What happens if the Russia-Ukraine conflict spills over into a Nato country?
This happened on March 13, according to some reports. The Yavoriv International Center for Peacekeeping and Security is 20 km from Ukraine’s border with Poland, a member of Nato. The chance that a group from the Russian or Belarusian military might accidentally cross a border is also very high, though. Mistakes happen in all military groups. This was clearly shown in recent days when India accidentally fired a missile into Pakistan, two nuclear-armed countries in a state of high tension at the time.
As Russian military activity moves closer to the Ukrainian border with Nato, a direct fight between Russia and the alliance rises.
This happened on March 13, according to some reports. The Yavoriv International Center for Peacekeeping and Security is 20 km from Ukraine’s border with Poland, a member of Nato.
The chance that a group from the Russian or Belarusian military might accidentally cross a border is also very high, though. Mistakes happen in all military groups. This was clearly shown in recent days when India accidentally fired a missile into Pakistan, two nuclear-armed countries in a state of high strain at the time.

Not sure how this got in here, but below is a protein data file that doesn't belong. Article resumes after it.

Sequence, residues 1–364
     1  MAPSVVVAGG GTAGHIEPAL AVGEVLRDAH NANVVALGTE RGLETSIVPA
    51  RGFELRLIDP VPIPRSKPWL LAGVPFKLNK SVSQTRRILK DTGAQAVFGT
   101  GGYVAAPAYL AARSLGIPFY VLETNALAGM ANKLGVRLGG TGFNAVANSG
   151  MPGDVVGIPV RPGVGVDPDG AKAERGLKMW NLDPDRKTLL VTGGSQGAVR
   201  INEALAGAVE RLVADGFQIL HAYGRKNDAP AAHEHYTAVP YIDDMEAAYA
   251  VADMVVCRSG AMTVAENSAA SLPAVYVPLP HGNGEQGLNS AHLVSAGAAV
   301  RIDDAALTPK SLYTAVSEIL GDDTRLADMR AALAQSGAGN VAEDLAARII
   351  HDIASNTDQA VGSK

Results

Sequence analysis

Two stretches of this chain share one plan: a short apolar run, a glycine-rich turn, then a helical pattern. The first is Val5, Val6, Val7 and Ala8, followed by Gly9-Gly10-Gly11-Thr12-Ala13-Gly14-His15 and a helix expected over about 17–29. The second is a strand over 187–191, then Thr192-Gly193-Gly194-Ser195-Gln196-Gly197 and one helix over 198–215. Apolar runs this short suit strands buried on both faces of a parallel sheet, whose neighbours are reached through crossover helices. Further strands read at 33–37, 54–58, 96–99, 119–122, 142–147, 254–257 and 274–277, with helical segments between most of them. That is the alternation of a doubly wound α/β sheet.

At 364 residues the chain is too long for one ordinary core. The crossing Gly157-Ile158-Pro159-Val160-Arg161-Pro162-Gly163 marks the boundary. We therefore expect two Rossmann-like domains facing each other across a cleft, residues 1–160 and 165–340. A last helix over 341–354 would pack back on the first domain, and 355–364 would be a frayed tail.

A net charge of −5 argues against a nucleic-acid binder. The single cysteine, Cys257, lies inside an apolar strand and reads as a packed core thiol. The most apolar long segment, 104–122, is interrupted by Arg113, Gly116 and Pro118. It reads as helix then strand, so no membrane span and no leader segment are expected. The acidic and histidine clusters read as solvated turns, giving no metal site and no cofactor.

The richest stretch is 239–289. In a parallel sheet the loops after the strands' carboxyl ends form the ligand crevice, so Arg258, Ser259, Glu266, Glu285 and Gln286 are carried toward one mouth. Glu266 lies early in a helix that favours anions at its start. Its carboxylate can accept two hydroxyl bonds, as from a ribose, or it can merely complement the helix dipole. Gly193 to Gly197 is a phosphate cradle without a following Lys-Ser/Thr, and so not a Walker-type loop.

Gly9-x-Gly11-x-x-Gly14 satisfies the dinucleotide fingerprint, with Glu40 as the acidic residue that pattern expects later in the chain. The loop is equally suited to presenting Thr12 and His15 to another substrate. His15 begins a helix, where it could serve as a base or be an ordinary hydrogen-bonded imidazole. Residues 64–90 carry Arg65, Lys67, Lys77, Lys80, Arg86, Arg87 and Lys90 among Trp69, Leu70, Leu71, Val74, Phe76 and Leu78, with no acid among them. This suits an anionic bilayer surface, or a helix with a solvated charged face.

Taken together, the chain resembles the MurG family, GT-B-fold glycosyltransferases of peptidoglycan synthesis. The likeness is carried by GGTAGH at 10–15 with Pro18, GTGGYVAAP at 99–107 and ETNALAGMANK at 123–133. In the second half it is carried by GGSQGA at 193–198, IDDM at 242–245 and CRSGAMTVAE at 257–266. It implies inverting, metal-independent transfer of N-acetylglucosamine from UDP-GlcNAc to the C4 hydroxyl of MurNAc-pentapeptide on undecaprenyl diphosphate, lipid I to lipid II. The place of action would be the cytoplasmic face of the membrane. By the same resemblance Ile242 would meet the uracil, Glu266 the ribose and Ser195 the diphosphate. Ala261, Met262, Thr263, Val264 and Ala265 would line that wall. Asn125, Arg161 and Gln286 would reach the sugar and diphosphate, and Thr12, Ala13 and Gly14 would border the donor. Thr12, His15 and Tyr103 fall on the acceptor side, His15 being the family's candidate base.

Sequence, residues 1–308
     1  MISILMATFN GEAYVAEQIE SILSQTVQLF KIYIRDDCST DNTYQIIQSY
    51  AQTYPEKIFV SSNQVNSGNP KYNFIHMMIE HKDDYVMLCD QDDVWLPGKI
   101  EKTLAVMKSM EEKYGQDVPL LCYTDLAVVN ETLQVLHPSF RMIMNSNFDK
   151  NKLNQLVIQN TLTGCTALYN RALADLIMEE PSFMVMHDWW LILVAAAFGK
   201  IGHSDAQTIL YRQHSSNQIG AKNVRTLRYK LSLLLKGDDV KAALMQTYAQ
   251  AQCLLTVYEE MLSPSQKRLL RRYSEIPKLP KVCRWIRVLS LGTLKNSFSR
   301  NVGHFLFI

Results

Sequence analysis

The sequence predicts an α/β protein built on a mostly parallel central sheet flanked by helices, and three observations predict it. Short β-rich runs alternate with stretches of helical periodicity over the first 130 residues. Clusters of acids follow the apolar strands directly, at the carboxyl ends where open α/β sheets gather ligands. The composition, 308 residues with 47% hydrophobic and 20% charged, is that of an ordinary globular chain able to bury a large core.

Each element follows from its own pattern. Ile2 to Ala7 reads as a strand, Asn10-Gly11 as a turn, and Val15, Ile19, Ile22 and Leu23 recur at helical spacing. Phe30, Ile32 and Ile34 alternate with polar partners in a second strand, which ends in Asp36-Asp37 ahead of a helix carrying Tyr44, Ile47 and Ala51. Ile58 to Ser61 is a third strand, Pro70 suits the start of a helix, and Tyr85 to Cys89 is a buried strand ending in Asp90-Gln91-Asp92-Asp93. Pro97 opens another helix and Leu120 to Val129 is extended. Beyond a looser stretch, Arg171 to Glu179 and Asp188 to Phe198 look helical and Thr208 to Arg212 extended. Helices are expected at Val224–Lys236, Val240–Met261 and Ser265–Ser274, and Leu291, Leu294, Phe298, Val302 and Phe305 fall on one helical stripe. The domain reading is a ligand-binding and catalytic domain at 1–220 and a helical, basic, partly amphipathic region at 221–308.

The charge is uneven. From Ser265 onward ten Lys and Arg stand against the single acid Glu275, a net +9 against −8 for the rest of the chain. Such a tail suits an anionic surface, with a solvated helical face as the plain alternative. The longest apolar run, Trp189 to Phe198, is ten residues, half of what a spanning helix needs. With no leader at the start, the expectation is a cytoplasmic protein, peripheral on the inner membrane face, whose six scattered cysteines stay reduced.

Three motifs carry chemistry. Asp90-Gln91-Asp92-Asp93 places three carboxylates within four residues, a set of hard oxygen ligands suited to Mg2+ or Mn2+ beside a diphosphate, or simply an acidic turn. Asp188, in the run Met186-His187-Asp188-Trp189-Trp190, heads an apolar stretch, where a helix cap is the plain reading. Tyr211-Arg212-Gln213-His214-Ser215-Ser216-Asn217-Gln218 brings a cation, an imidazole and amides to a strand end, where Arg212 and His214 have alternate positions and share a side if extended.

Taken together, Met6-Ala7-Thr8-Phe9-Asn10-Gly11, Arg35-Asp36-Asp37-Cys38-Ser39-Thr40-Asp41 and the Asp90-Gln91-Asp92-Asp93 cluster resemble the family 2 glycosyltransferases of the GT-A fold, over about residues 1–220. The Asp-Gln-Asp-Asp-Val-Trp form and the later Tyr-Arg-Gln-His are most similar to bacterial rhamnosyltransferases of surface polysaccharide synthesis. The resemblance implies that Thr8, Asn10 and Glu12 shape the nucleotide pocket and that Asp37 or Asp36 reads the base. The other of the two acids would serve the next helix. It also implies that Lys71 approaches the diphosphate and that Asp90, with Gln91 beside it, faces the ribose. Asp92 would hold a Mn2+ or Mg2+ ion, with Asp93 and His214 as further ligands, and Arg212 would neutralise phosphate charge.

In Ukraine, there were a lot of open conflicts that made things more complicated. Pakistan could have retaliated, and it’s not likely that the Polish government would have thought the missile launch was a mistake if it had happened between Poland and Russian forces in Ukraine.
In the eastern countries of Nato, people are more worried about what Russia will do than in the western countries. They took a train ride into Ukraine on March 15 to meet with Ukraine’s president, Volodymyr Zelensky, in the city of Kyiv.
Those countries could be next in line if Russian expansionism goes on, as some people think it will be like it has been. It looks like Vladimir Putin is threatening the Baltic states, and he also wants to regain Russia’s power over other countries that it lost when the Soviet Union broke up.
These countries have a lot of Russians in them, and there has been a lot of unrest in the last few years.
When we look at most of the rank-and-file soldiers on the ground, who are cold and afraid, the chances of things getting worse go up. Local commanders may have to deal with an intractable conflict after a single shot is fired over an otherwise calm but tense border or a junior non-commissioned officer takes aggressive action.
A “no-fly zone” over Ukraine has been proposed by Zelensky, who wants NATO to enforce it. On the other hand, Nato leaders have decided that this could lead to a direct fight between Russian and Nato forces, which could quickly escalate into a war.
The same seems true for another one of Zelensky’s requests: to get planes for the Ukrainian air force. But if NATO were to send planes to Ukraine directly, Russia might think that this is offensive weaponry and take action to stop the aircraft from being sent. Strikes may be made on airfields where the planes are based, like in Poland, before moving to Ukraine.